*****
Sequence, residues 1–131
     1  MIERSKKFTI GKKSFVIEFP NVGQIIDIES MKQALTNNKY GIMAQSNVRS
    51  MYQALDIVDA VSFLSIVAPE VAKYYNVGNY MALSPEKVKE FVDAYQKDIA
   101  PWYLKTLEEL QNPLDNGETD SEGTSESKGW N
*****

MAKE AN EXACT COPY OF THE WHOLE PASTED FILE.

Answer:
Sequence, residues 1–131
     1  MIERSKKFTI GKKSFVIEFP NVGQIIDIES MKQALTNNKY GIMAQSNVRS
    51  MYQALDIVDA VSFLSIVAPE VAKYYNVGNY MALSPEKVKE FVDAYQKDIA
   101  PWYLKTLEEL QNPLDNGETD SEGTSESKGW N